CMPE12, Fall 2011, Section 01: Lab 7: Final Lab: HC11 Game Machine

200 point lab!!!

100 for check off!

100 for write up!

Due date

Due Friday, December 2 for in class check offs. Write ups due Sunday December 4 by 11:59:59.

Lab Objective

This lab will give you a chance to show off your HC11 programming skills in a fun and creative way. You will be programming a game of your choice. The basic requirements are that it needs to use some LEDs, the LCD, take some input from the switches on the board, uses the interrupt button, and of course be a fun game!!! A basic version of this game will earn you a "C", more advanced ones a "B" or "A", and really cool & challenging ones will get an "A+" and some extra credit. Think of this lab as your final chance to get a better lab grade overall. If you like you can also implement a few additional simple games to get full credit.

Lab tutors: Go over these topics

Your lab tutor will cover the following topics in the first 40 minutes of lab.

  • Interrupts
  • Using SWITCHES in the HC11
  • Pulse Accumulator for random numbers

Interrupts with HC11

Configuring interrupts for the HC11 is pretty easy. All you need to do is:

Make an ISR, it is just like a procedure/sub routine but returns with RTI.

Put the address of the ISR into the Jump Table.

Here is an example of how you would set things up. All we have is the one button on the board that can act as an interrupt source. Below is how you would setup this

button to work with your own service routine. A VERY important thing about interrupt service routines is to make them short and simple. Do not call a bunch of routines or have a lot of instructions in an ISR!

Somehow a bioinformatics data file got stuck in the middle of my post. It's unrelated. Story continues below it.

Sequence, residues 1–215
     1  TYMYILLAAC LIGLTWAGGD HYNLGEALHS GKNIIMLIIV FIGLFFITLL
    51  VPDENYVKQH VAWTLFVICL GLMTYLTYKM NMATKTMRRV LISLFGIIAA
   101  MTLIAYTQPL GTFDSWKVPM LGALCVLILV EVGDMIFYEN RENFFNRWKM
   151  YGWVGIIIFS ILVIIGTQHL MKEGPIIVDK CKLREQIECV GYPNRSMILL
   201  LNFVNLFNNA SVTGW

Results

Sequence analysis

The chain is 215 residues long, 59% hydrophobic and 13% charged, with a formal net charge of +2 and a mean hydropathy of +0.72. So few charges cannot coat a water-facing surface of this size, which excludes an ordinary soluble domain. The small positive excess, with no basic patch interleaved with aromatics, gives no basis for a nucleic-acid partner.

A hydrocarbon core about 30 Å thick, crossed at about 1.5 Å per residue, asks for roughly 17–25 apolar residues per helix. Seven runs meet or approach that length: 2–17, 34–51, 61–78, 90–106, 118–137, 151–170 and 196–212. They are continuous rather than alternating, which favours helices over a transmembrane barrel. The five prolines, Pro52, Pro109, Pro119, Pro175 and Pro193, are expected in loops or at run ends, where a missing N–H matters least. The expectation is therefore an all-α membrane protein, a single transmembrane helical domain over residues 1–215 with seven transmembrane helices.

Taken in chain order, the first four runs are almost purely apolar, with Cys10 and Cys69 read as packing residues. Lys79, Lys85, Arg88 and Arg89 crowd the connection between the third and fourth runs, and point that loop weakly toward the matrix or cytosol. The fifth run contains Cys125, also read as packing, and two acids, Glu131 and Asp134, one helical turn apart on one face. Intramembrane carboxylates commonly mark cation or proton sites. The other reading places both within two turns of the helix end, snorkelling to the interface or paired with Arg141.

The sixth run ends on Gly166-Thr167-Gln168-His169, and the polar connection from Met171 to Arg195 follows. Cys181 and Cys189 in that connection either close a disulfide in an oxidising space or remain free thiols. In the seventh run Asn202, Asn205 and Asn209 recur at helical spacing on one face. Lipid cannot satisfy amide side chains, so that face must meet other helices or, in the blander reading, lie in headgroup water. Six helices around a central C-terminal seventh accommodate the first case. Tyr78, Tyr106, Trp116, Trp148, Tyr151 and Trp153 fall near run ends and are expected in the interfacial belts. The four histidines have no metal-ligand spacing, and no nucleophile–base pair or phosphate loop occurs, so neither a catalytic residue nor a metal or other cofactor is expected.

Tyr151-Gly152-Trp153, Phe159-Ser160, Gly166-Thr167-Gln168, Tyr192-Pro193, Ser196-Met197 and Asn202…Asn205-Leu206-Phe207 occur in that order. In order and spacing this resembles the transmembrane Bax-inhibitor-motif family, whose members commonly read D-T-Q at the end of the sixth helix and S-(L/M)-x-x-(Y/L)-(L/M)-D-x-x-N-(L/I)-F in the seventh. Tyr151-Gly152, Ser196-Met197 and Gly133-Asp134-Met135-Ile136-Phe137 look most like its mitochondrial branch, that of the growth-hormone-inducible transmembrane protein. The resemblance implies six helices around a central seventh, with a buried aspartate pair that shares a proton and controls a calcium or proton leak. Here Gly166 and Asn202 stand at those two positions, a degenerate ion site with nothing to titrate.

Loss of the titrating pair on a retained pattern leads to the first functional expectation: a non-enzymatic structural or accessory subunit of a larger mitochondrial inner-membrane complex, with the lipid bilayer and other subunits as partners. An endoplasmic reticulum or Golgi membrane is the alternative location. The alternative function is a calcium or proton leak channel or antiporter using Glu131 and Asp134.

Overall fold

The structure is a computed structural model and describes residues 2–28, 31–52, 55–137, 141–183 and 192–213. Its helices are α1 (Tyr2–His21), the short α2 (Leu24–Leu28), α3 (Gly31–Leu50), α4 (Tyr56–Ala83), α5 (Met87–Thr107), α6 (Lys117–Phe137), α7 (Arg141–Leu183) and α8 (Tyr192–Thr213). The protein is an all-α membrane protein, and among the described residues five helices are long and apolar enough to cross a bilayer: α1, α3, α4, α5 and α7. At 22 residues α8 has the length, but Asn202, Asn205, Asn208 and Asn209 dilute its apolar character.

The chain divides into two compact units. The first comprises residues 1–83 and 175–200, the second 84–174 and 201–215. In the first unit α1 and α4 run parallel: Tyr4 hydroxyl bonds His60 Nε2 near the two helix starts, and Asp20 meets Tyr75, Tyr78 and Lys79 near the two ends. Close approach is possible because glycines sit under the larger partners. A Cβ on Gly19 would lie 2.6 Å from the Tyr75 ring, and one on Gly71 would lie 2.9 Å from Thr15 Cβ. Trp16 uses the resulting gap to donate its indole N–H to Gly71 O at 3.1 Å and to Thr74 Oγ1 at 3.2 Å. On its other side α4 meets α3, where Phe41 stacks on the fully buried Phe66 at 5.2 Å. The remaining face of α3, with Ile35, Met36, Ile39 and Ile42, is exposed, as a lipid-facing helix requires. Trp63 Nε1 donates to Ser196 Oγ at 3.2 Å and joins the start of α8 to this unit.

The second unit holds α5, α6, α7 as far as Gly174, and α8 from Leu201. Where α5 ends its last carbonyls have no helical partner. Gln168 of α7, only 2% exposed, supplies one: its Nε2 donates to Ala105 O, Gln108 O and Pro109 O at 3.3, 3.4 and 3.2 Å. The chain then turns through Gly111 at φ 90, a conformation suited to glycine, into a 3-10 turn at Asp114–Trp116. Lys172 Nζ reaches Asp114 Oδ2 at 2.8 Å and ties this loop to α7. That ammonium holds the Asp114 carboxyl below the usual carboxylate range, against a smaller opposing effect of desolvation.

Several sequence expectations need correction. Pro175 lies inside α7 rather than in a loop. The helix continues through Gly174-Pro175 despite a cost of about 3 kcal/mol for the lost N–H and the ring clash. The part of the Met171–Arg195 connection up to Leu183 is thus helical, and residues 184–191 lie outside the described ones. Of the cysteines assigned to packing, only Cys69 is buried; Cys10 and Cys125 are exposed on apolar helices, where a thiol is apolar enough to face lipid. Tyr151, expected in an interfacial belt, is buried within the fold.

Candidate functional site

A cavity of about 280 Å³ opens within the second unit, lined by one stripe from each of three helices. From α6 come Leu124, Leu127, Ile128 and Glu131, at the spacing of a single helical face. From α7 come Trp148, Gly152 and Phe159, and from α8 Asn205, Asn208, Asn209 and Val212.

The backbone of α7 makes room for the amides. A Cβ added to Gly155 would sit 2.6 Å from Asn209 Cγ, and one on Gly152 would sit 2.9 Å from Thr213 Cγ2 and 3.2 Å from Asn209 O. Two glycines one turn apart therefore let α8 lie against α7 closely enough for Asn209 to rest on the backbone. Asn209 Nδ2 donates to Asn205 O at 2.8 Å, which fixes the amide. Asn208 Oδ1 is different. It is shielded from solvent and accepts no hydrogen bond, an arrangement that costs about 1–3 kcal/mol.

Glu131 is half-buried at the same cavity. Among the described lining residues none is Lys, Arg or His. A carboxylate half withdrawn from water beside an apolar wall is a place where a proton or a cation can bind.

// Initializes the ISR jump vectors to our interrupt service routines, it is this simple.

// Jump vectors are defined in v2_18g3.asm

ldx #BUTTON_isr

stx ISR_JUMP15

 // Here is the code for interrupt service routine you will create

BUTTON_isr:

// Put your code in here.

// Use this to return from an interrupt

rti

 

Game Ideas:

Here are a few basic ideas, and a ranking of how they might be graded. Please keep in mind that this is a long lab and so we are expecting a challenging and fun game to be the result.

C) Simon Says

--Frogger

--Whack-A-Mole

A) Adventure Game

Of course these all depend on the way that they are implemented, and you are of course free to come up with your own new and exciting ideas. Feel free to run your ideas by your TA, as they can give you an idea of how well they might be graded.

Other ideas that might be interesting and will depend on implementation:

A Zelda like adventure game that uses the LEDS as lifes (half-lives = blinking light) and a combination of telnet console and LCD to play.

"Suped-Up" Simon Says, with randomly sped up lights.

"Guitar Hero" style game with switches.

"Duck Hunt" game where you have to shoot the LEDS with the SWITCHES, containing multiple difficulty levels.

Battleship

The Basic Game Idea for Simon Says:

Simon Says is pretty simple. You just follow what the computer does. The computer will light up a random LED. You raise and lower the switch that matches it. The computer then does the same LED plus a new random one. You repeat it. This continues until you mess up.

 

a) Read through the sample code links below for help on generating random numbers, you will need this to determine the next LED to light up.

b) You need to use the switches for your input.

c) To "enter" your switch you will use the interrupt button.